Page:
When 1 o'clock started rolling around, we started to panic.  Ashley had to receive her next set of medication at 2pm and it was a 45 minute drive to Sanford.  This is the medication she is allergic too and had to be de-sensitized to.  It is also through an IV and the home health agency was already on their way to her house.  If she missed the timing, then she would just have to return to the hospital.

So we took matters into our own hands.  Genevieve got a nurse and a wheelchair.  We loaded everything up and headed downstairs.  It was our version of wheelchair racing!

Ashley was loaded up in her dad’s car and with one final hug, she was off.

We are so glad both Jeremy and Ashley are on the road for a full recovery.  Thank you for all your prayers and good wishes.

What it's like to be a kidney donor!

This is why I started writing the blog, when I started researching donating a kidney I had a really hard time finding firsthand accounts of what it was like, how people have felt afterward and what their experience was like.  So I am going to do my best to give you my account day by day. 
I want to make a couple blanket statements before I start this process because I don’t think these thoughts and stories are always going to be pretty, but they are going to be honest. 
  • I have never doubted before or since the surgery that Kate and I have made the correct decision to donate to Ashley
  • I am incredibly excited that she is doing so well with the new Kidney.
  • I am taking pain medication (just in case I need an excuse for something I write)
  • I reserve the right to add more to this list but can’t think of anything else right now.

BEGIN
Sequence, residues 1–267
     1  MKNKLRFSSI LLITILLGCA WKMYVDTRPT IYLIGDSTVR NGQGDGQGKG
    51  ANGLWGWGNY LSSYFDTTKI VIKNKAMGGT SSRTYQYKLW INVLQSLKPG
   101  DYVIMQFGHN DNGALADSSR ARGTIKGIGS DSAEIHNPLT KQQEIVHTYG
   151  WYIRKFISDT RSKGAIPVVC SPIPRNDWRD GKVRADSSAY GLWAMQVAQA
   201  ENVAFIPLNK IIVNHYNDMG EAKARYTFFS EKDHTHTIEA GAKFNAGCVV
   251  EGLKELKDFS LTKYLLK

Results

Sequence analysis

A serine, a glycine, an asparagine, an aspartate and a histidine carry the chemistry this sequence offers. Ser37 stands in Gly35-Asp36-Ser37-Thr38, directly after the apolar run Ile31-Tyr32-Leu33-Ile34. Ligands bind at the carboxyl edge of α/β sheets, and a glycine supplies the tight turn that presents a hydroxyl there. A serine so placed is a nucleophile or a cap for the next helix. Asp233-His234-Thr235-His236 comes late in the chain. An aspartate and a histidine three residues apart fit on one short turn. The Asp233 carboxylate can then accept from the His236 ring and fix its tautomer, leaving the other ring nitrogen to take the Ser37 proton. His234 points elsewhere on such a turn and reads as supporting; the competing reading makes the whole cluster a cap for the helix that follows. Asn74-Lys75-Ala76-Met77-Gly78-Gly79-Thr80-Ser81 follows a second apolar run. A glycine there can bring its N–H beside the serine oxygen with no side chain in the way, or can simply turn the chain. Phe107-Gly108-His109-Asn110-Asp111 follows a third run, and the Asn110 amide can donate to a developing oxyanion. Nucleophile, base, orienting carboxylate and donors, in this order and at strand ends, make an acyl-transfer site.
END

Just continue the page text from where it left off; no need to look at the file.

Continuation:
So let’s start with the surgery day.
What is it like to have your kidney removed?
The honest answer is I really have no idea; you would have to ask the doctors.  This really is one of the harder things to deal with mentally.  My surgery was scheduled for 7:30 which meant I had to be there at 6 and I hadn’t eaten the entire day before because of the bowel prep.  I hadn’t had any trouble sleeping until that night, just the anticipation of the surgery has most of your nerves on end, so I probably only got 3 or 4 hours of sleep but it felt like a lot less.  To say the least I wasn’t in my best form that morning.
We showed up at the hospital met family and went up to the procedure waiting room.  There was a giant guy at the desk, but he had a really calming personality, seemed like he was perfect for the job (I will let you figure out why).  They took Kate and I back into the procedure suites (I like that they call them suites, makes it seem fancy, really it was just three walls with a curtain on one side).  There were an endless line of doctors and nurses that came in, that asked you all the same questions, and gave us the lovely gown.
Two things strike me about the gown, is there really not a better option for people in the hospital?  We have improved on so much but the gown they came up with 100 years ago is the best we can do. Secondly how did my super crafty wife not make me a personalized monogrammed gown, it just seems like something that would be right up her ally, not that I am complaining.